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abstract = "PURPOSE: To determine the safety of pars plana vitrectomy in eyes containing a treated posterior uveal melanoma. DESIGN: Interventional case series. METHODS: Retrospective case series of patients with posterior uveal melanoma who underwent pars plana vitrectomy. Complications, vitreous cytology, local tumor control, and metastasis were assessed. RESULTS: Nine patients met study criteria. Tumors were treated with 125I plaque radiotherapy (seven patients) or transpupillary thermotherapy (two patients). Vitrectomy was performed for vitreous hemorrhage (five patients), macular pucker (two patients), macular hole (one patient), and rhegmatogenous retinal detachment (one patient). Vitrectomy was performed at a mean of 24.7 months (range, 7-47 months) after melanoma treatment. Dispersion of tumor cells at vitrectomy was not observed in any patients. Melanoma cells were detected in the vitreous aspirate in one of seven cases examined cytologically. This patient had intratumoral and vitreous hemorrhage before plaque radiotherapy, underwent combined vitrectomy/cataract extraction, and developed intraocular tumor dissemination 56 months after vitrectomy. No other patients developed intraocular tumor dissemination. At mean follow-up of 24 months (range, 3-63 months) after vitrectomy, none of the nine patients developed systemic metastasis. CONCLUSIONS: Pars plana vitrectomy rarely may lead to intraocular tumor dissemination, although the risk of this complication is probably low if the tumor has been treated and has responded to therapy before vitrectomy. Vitrectomy should be approached with caution if a vitreous hemorrhage is present, especially if the hemorrhage occurred before tumor treatment, as this may seed tumor cells into the vitreous cavity.",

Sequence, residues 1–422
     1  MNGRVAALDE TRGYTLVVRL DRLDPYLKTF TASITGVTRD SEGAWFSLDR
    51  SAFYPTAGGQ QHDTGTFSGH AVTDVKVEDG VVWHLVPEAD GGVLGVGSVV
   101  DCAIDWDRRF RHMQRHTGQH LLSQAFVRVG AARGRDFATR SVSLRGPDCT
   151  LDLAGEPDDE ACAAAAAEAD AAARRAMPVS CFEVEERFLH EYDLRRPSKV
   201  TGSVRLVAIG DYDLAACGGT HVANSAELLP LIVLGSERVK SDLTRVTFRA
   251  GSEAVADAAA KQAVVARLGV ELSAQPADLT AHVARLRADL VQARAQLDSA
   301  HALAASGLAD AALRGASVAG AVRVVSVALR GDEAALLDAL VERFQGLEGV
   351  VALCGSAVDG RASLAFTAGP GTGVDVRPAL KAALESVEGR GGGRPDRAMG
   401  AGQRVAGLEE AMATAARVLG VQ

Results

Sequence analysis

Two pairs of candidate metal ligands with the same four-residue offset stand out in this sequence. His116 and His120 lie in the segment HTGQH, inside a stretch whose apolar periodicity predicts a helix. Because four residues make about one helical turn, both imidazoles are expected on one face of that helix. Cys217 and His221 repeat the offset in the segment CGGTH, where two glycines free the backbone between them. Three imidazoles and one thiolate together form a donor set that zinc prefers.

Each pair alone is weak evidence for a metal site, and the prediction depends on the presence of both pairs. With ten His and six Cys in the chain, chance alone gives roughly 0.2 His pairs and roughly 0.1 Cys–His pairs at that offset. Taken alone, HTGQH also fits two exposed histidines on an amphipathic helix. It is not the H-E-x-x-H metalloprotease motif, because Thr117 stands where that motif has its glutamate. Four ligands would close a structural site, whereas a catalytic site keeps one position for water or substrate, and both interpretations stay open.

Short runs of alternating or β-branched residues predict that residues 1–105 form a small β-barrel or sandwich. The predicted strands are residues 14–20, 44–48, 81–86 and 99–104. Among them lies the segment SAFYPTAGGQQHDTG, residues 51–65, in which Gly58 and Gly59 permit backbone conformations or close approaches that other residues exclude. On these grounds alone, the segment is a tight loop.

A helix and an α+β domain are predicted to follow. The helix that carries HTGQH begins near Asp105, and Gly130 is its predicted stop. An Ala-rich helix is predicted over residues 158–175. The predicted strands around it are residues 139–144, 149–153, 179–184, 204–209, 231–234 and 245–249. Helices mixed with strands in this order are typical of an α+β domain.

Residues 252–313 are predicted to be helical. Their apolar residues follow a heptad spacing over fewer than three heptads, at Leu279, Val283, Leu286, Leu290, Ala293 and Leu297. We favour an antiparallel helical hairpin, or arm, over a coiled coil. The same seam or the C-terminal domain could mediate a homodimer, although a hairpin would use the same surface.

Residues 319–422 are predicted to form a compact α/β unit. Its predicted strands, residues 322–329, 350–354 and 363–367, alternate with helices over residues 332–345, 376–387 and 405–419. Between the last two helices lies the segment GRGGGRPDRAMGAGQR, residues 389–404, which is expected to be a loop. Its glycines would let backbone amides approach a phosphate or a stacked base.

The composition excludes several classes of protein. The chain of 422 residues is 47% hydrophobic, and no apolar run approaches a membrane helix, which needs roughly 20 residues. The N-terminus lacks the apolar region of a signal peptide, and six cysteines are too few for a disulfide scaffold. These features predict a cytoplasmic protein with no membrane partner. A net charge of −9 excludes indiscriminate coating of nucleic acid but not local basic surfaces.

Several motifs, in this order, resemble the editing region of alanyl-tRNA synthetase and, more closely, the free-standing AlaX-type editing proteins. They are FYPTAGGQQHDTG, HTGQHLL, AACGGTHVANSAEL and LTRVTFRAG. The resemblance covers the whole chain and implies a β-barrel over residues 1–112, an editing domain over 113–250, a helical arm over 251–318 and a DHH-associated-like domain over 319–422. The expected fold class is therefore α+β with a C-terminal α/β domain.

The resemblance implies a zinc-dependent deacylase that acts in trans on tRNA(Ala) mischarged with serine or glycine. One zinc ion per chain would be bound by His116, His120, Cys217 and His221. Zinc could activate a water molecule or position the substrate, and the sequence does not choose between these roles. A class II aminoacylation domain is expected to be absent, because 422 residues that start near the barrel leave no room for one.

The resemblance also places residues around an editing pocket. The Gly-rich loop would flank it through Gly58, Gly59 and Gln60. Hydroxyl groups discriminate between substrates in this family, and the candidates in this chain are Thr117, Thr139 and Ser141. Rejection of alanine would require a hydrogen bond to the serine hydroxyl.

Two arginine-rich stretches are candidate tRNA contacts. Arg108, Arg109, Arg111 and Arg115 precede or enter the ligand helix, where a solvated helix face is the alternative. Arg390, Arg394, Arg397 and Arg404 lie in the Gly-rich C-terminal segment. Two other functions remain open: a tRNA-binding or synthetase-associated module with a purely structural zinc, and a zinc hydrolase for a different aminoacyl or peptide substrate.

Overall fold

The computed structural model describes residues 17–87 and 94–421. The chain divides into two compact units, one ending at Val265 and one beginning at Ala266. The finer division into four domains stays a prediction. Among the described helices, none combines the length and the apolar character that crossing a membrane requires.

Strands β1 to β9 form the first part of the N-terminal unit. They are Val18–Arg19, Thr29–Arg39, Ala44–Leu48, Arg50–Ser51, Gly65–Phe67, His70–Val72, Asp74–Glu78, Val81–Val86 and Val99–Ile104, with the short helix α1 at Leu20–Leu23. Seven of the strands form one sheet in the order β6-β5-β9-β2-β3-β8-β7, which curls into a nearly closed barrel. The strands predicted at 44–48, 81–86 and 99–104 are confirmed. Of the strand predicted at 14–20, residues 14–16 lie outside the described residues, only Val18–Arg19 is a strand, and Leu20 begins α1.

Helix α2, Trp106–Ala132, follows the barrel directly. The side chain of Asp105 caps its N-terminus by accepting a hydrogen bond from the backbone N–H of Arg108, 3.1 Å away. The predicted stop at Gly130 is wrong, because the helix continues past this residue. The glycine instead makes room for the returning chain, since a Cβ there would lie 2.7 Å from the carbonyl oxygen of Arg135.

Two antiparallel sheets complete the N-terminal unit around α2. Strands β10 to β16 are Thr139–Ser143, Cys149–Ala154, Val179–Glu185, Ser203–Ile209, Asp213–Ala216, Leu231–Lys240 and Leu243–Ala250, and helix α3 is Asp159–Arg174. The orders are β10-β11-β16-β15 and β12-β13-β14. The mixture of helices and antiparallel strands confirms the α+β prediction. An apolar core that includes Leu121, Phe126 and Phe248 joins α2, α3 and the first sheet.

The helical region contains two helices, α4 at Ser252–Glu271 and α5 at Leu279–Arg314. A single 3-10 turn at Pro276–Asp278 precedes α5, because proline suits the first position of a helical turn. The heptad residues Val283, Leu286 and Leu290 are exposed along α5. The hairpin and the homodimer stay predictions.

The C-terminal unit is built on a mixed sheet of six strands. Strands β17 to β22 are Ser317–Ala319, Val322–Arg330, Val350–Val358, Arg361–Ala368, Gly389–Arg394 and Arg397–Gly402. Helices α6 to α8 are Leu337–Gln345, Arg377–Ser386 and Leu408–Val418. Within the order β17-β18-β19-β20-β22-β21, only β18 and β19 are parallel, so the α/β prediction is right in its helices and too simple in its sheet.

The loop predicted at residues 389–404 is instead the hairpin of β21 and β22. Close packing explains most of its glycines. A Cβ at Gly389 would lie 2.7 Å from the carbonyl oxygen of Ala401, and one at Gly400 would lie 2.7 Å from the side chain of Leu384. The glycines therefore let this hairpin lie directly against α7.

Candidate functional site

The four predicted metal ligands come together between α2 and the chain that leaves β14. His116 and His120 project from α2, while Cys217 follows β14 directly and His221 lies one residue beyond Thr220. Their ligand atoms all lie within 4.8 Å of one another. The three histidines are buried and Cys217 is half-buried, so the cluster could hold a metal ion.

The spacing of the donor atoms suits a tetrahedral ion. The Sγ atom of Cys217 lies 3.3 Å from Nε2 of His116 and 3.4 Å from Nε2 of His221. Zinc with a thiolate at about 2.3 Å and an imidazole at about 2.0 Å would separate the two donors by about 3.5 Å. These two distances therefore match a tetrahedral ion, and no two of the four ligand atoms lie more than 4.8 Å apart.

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AB - PURPOSE: To determine the safety of pars plana vitrectomy in eyes containing a treated posterior uveal melanoma. DESIGN: Interventional case series. METHODS: Retrospective case series of patients with posterior uveal melanoma who underwent pars plana vitrectomy. Complications, vitreous cytology, local tumor control, and metastasis were assessed. RESULTS: Nine patients met study criteria. Tumors were treated with 125I plaque radiotherapy (seven patients) or transpupillary thermotherapy (two patients). Vitrectomy was performed for vitreous hemorrhage (five patients), macular pucker (two patients), macular hole (one patient), and rhegmatogenous retinal detachment (one patient). Vitrectomy was performed at a mean of 24.7 months (range, 7-47 months) after melanoma treatment. Dispersion of tumor cells at vitrectomy was not observed in any patients. Melanoma cells were detected in the vitreous aspirate in one of seven cases examined cytologically. This patient had intratumoral and vitreous hemorrhage before plaque radiotherapy, underwent combined vitrectomy/cataract extraction, and developed intraocular tumor dissemination 56 months after vitrectomy. No other patients developed intraocular tumor dissemination. At mean follow-up of 24 months (range, 3-63 months) after vitrectomy, none of the nine patients developed systemic metastasis. CONCLUSIONS: Pars plana vitrectomy rarely may lead to intraocular tumor dissemination, although the risk of this complication is probably low if the tumor has been treated and has responded to therapy before vitrectomy. Vitrectomy should be approached with caution if a vitreous hemorrhage is present, especially if the hemorrhage occurred before tumor treatment, as this may seed tumor cells into the vitreous cavity.